Last weekend, air pollution in London reached an all-time high of 10 according to the UK government’s index. The devices measured the highest concentrations of solid particles in the southwestern suburbs of the city. The newspaper wrote that this was the worst situation in London recorded since January 2017 Watchman.
These moments, of course, have a negative impact on the health of the population. According to a five-year study published in 2021, to which more than a million city residents responded, the number of visits to general practitioners is rising sharply after a short-term increase in air pollution. People complain more about the respiratory system, and doctors also prescribe more inhalers. British pediatricians have also noted an increase in the number of children undergoing surgeries.
We will breathe dirty air. Meteorologist talks about the consequences of returning to solid fuels
According to data on the chemical composition of pollution collected by King’s College London, wood burning in homes played a large role in the increase in pollution last weekend. Analysis of particulate matter inhaled by Londoners showed that 60 to 70 percent of it came from heating with wood or solid fuels. On average, home chimneys in the UK produce more smoke than exhaust from all road traffic in a full year.
Among the measures leading to the reduction of flue gases in London, for example, is the so-called smoke-free zone (SCA). This is an area where people and businesses aren’t allowed to release any flue gas, and they can’t even buy or sell unauthorized fuel, unless it’s for equipment that has an exception to the rule.
Solid fuel exclusion zones have been in place since the 1950s and cover parts of most UK cities. Here, people burning solid fuels must use approved appliances or burn smokeless fuels. Burning wood with open fire is prohibited in these areas.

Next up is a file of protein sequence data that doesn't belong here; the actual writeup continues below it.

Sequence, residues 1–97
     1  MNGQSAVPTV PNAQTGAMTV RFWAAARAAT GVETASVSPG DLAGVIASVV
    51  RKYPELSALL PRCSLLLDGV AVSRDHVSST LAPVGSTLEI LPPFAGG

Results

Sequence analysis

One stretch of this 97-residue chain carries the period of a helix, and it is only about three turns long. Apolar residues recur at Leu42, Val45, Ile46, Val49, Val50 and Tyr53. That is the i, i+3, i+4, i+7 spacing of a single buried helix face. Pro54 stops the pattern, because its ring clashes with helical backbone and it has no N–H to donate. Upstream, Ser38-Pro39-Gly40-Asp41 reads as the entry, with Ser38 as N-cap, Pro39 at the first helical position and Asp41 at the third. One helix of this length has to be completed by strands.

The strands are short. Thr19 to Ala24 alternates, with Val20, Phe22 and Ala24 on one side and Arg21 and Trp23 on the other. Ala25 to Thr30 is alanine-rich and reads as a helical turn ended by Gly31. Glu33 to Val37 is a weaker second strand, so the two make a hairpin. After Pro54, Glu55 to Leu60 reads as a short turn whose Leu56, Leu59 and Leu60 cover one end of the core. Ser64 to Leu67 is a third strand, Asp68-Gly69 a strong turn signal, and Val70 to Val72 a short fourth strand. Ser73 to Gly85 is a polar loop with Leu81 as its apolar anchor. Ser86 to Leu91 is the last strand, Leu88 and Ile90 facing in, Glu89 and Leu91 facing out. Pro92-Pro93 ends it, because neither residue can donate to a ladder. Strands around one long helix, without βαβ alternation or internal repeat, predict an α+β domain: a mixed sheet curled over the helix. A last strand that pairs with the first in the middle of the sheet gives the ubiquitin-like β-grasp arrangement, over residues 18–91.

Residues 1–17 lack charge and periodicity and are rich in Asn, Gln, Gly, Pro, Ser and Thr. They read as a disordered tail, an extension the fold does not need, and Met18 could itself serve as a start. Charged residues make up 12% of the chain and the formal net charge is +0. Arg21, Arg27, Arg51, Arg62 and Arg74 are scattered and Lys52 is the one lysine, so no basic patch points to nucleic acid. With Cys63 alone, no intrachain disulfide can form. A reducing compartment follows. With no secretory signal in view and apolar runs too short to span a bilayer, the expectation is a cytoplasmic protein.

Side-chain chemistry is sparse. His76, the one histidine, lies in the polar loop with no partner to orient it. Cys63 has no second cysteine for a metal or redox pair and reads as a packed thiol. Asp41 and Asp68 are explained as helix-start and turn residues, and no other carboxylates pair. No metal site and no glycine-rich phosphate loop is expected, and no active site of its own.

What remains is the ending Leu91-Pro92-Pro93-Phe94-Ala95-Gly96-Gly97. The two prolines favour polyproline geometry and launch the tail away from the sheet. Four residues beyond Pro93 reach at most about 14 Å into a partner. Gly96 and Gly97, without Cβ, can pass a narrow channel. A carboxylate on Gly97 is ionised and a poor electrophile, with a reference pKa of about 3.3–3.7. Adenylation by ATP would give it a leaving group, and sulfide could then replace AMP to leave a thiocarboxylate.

People need to know the laws
However, the imposition of fines or control of combustion plants by the authorities remains ineffective. The way in which they fail to solve this problem in the long term has been noted by Dr. James Haydon of the University of Nottingham. He processed applications to local councils, as well as records of interviews with staff from British city councils. Through a sample of responses it collected from dozens of municipalities, it found that between 2014 and 2020, a total of 2,524 Britons complained of chimney smoke. Despite this number of complaints, only two municipal councils have taken legal action, a total of just four cases in six years!
“A number of hurdles, including responding to complaints made outside of working hours, (not) being able to see the smoke at night, or gathering insufficient evidence to determine the source of the smoke from an unverified source, make this problem difficult to solve,” he says. Haydon says.
According to him, laws should not be enforced through the courts, but compliance with them requires that people at least know about them. Another survey by Defra found that 46 percent of stove owners in smoke-free areas don’t even know if their solid fuel stove is approved for use. Only one in ten Londoners who burn wood here knew that their stove was not approved. This, according to the survey, indicates the need for better public awareness.
Wood and other solid fuels are the most polluting ways to heat homes, especially when using open fire. A combination of outdated regulations combined with poor information about residents and toothless enforcement has caused heating homes with wood and solid fuels to become normal behaviour. The Guardian concludes that without further action, it will be very difficult for the UK to meet its air pollution reduction targets in the future.
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